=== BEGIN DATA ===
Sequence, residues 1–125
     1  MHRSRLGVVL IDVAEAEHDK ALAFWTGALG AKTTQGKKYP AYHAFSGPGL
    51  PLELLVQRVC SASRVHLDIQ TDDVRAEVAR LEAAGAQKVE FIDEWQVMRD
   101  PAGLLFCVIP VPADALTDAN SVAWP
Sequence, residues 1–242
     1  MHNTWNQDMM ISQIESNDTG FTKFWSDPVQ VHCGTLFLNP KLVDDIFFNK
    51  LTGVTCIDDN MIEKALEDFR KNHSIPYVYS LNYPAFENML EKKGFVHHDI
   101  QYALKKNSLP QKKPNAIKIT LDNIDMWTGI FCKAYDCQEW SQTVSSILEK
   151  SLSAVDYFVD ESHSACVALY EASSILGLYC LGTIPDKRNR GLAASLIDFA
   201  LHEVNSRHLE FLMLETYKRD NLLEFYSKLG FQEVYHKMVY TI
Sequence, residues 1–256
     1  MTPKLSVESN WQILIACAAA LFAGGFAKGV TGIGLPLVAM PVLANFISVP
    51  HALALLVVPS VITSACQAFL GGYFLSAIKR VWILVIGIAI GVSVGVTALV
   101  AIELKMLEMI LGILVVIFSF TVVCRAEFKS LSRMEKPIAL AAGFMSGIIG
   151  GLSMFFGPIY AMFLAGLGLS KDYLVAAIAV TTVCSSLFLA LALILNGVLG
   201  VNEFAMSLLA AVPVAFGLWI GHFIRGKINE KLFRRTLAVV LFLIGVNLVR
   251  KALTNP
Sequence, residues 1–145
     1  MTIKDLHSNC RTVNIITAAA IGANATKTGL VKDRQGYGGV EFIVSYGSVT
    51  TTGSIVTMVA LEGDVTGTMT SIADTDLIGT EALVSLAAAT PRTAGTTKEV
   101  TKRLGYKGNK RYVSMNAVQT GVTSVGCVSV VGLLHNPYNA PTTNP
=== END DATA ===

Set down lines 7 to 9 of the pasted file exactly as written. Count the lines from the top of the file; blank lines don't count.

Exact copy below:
    51  LTGVTCIDDN MIEKALEDFR KNHSIPYVYS LNYPAFENML EKKGFVHHDI
   101  QYALKKNSLP QKKPNAIKIT LDNIDMWTGI FCKAYDCQEW SQTVSSILEK
   151  SLSAVDYFVD ESHSACVALY EASSILGLYC LGTIPDKRNR GLAASLIDFA